If you have been given a citation, arrested, or served with a summons for a misdemeanor offense, you probably want to know what is going to happen next. If you have never been charged with a crime it is totally understandable to be confused and concerned about the immediate consequences, and if you have been through “the system” before, understanding the rules and procedures of a misdemeanor case will enable you to properly exercise your rights. These articles were written to highlight and explain the procedure through which misdemeanor cases are processed in the limited jurisdiction courts.
“I Have Been Charged With a Misdemeanor, Now What?“
4. Bench or Jury Trial.
5. Sentencing. [/box]
Bench or Jury Trial
If the defendant decides not to accept the State's plea offer or to continue negotiating with the prosecutor about a possible plea agreement, then the case must be set for a trial. The trial will either a bench trial (trial to a judge) or a jury trial.
Most misdemeanor defendants DO NOT have a right to a jury trial. Under Arizona law, the only offenses eligible for a misdemeanor jury trial are offenses that specifically allow a jury trial under statute and offenses which were eligible for a jury trial under “common law”. For practical purposes, the only offenses eligible for jury trial are theft and DUI cases.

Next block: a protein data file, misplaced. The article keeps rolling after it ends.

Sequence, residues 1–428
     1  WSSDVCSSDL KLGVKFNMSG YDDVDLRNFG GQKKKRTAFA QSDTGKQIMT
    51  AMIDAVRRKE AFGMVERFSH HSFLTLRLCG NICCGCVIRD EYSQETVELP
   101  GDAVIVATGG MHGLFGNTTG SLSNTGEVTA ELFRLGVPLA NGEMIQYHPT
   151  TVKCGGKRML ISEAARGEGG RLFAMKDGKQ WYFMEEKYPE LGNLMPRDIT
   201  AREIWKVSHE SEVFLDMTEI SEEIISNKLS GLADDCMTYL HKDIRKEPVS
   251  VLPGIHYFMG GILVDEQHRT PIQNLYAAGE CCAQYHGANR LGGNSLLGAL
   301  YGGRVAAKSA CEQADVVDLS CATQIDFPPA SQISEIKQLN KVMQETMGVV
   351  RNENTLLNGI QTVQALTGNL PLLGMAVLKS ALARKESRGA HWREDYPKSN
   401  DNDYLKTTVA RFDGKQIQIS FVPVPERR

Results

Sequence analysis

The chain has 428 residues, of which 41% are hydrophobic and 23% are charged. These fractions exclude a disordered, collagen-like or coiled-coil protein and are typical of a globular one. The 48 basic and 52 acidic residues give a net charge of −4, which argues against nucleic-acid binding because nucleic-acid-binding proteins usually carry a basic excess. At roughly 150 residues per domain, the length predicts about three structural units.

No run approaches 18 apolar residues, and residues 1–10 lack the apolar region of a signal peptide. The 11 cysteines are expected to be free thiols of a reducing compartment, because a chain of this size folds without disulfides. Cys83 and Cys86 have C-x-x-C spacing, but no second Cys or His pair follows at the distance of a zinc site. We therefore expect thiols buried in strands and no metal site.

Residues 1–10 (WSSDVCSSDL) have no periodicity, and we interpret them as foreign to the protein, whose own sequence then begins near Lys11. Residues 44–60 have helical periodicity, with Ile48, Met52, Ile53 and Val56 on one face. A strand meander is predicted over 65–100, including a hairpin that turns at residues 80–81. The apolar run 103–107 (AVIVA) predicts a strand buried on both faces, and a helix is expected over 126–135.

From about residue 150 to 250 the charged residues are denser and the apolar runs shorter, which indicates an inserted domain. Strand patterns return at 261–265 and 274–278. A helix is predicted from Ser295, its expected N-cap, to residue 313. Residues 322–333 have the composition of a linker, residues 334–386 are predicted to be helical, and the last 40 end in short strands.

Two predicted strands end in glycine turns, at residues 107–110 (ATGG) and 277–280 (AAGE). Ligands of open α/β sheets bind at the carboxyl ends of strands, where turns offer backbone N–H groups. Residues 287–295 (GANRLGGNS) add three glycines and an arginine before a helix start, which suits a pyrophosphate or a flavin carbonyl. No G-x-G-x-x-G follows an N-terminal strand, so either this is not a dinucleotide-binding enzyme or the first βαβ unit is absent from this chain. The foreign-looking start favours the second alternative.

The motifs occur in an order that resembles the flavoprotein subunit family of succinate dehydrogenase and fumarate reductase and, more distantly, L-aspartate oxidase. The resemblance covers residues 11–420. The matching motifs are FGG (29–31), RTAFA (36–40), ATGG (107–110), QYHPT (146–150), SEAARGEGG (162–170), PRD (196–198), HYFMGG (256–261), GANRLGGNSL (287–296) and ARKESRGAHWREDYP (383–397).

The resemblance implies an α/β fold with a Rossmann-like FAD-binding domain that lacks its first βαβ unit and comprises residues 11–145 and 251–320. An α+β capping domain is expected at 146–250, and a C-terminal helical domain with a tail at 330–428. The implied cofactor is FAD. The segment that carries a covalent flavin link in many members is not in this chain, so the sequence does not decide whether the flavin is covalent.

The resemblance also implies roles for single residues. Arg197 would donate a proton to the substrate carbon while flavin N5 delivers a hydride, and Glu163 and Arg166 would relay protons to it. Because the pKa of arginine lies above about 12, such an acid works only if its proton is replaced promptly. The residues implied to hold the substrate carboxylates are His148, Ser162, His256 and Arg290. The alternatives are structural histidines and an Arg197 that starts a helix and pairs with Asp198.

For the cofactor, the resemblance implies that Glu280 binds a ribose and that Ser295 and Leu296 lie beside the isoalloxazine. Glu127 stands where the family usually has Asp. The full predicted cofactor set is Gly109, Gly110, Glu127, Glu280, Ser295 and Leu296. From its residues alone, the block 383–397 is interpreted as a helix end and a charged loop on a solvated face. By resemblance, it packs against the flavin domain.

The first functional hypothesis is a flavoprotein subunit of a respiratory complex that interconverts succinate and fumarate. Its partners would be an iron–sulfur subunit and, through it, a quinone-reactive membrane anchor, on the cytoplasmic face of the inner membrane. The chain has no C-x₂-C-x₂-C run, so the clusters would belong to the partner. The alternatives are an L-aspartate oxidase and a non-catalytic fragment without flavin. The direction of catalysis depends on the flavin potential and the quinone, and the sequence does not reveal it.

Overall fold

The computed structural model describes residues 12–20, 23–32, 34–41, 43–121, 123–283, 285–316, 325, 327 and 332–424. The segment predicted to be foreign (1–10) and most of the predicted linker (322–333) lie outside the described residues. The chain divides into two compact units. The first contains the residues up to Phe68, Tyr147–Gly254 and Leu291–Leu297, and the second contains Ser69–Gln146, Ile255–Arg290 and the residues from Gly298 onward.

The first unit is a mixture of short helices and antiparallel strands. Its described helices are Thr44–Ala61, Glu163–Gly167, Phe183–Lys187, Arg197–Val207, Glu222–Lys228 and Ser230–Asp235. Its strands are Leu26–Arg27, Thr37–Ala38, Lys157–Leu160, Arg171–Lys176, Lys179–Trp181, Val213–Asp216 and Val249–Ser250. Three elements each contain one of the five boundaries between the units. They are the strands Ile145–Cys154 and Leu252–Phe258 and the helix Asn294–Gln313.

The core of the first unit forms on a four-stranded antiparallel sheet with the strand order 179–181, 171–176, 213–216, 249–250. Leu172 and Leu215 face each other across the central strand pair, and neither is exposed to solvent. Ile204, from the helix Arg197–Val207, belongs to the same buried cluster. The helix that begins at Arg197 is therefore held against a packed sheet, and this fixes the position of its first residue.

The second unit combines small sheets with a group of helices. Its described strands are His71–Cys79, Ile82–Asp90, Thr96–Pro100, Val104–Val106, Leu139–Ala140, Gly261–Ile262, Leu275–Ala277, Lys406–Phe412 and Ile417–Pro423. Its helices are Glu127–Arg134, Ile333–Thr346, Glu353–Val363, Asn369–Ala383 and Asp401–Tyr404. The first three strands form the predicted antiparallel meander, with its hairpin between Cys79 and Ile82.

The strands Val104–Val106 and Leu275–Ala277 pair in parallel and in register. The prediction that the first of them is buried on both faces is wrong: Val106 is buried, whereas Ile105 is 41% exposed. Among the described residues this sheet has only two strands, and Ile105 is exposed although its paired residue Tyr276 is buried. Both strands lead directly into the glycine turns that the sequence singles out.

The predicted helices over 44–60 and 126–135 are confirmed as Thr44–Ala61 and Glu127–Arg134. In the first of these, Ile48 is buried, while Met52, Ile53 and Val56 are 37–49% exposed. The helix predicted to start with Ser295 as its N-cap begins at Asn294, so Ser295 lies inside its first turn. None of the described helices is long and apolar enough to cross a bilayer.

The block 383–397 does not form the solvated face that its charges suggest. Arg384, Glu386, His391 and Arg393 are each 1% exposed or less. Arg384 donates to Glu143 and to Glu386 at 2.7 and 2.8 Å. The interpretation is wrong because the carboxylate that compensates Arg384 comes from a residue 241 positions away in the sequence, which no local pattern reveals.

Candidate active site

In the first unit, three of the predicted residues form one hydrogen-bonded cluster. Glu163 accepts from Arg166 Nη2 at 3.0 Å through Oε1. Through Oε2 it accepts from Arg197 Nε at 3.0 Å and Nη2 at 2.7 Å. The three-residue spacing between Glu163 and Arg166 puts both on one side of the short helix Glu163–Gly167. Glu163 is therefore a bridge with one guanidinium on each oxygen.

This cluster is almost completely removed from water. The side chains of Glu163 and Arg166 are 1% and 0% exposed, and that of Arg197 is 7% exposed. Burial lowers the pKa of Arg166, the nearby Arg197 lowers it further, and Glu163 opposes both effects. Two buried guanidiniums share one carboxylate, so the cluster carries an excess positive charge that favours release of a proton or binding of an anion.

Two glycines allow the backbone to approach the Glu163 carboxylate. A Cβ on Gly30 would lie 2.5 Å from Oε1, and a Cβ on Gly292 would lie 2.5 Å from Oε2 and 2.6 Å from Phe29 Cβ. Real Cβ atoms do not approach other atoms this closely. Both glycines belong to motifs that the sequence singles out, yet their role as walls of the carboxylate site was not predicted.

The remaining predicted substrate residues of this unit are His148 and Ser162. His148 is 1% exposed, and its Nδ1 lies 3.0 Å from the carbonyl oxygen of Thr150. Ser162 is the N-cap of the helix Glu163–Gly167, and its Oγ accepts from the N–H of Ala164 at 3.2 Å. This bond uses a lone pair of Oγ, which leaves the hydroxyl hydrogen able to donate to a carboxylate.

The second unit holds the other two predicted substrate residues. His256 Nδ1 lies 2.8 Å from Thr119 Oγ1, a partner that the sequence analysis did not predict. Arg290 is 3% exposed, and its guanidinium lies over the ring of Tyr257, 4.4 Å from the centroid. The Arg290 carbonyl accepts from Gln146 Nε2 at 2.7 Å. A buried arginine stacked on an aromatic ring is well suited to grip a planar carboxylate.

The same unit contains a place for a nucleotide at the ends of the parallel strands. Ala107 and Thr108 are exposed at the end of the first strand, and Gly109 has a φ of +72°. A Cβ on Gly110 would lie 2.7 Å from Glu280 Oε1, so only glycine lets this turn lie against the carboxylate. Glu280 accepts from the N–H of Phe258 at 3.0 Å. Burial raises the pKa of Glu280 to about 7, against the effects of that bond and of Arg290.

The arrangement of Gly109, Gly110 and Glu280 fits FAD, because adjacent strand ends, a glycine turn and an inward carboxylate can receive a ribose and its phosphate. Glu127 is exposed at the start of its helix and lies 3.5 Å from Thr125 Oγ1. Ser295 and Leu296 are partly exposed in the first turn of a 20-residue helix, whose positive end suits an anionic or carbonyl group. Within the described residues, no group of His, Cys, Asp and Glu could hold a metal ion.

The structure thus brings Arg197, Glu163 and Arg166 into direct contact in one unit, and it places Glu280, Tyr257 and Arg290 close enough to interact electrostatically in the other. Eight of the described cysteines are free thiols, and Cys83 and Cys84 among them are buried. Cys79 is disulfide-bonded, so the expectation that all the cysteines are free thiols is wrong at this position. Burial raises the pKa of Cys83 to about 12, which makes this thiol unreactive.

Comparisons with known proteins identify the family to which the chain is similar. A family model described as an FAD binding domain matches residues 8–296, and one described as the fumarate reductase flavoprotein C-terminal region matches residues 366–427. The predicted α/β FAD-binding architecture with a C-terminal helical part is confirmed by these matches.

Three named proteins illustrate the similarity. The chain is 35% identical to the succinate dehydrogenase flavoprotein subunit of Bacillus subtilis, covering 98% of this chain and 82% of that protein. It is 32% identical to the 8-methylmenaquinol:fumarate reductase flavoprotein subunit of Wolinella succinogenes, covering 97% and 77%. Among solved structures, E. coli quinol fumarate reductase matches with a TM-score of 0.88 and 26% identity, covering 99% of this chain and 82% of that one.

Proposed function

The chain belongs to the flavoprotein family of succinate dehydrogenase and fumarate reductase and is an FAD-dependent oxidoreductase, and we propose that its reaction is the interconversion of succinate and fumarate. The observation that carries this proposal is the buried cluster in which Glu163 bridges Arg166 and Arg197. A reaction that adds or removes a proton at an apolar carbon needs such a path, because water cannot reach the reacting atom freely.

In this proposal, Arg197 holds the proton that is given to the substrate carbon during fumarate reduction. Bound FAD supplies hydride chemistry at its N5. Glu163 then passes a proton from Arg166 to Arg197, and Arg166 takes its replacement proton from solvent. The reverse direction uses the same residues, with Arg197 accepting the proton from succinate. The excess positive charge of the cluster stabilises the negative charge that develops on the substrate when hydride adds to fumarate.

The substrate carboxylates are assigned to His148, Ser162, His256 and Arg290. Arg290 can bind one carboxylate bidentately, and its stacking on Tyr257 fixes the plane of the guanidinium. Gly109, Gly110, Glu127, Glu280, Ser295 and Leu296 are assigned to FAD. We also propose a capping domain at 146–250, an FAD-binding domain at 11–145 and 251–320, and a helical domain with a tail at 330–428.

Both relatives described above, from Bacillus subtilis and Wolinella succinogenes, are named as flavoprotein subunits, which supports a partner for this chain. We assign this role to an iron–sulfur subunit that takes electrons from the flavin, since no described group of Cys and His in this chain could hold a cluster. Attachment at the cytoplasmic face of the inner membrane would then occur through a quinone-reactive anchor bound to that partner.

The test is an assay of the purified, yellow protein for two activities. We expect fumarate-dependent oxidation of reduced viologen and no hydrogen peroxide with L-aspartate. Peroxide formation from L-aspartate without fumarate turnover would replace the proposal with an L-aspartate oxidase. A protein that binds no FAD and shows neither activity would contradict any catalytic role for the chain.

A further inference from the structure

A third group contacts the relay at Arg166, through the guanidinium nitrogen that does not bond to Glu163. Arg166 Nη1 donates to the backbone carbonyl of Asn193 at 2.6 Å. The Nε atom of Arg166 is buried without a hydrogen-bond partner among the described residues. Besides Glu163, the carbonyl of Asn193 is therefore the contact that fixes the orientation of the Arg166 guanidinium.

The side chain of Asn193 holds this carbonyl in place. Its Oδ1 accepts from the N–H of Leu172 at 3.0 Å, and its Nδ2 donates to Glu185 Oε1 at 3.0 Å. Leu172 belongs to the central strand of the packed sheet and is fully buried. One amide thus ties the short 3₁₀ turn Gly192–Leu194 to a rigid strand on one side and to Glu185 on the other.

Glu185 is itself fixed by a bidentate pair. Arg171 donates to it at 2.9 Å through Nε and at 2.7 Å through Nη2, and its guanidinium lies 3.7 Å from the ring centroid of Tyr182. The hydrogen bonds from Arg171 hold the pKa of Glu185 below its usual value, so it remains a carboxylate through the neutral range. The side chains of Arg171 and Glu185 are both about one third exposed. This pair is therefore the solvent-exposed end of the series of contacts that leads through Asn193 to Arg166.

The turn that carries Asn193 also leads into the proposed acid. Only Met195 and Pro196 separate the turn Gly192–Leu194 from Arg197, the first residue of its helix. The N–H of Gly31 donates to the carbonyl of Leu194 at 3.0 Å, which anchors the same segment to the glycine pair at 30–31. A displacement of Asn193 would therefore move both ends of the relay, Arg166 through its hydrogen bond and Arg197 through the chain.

A bench trial is heard by a judge. The judge makes the sole determination of the facts. It is usually preferable for a defendant to have a jury trial if at all possible, because the State has the burden to prove the case beyond a reasonable doubt to each juror on the panel instead of a single judge.
The order of proceedings is the same for a jury or bench trial. Rule 19.1, Arizona Rules of Criminal Procedure. The prosecutor has the burden of proof and will make opening remarks first. Then defense counsel will make opening remarks. These remarks are essentially a preview of what evidence will be presented during trial and a description of what the attorneys believe is the “theory of the case” to establish guilt or innocence.
The presentation of evidence will then begin. The State or prosecutor will present witnesses first. Exhibits may then be admitted into evidence. Cross examination of the State's witnesses is a fundamental right to challenge the reliability of the evidence against the accused. Defense Counsel will have an opportunity to cross examine the witnesses.
After the State rests, defense counsel may present their own witnesses and exhibits. Since the Defense does not have the burden of proof they may or may not present any evidence or witnesses. The Defendant also may not be compelled to testify. The decision to testify or not testify is that of the defendant alone under the advice of counsel.
After all evidence has been presented, the parties will make closing arguments. The purpose of closing arguments is to argue to the judge or jury what “weight” or reliability to give to the evidence and testimony, what inferences to make about the evidence, and how the facts apply to the law. A judge or jury will then deliberate or decide the guilt or innocence of the defendant and return a verdict of guilty or not guilty.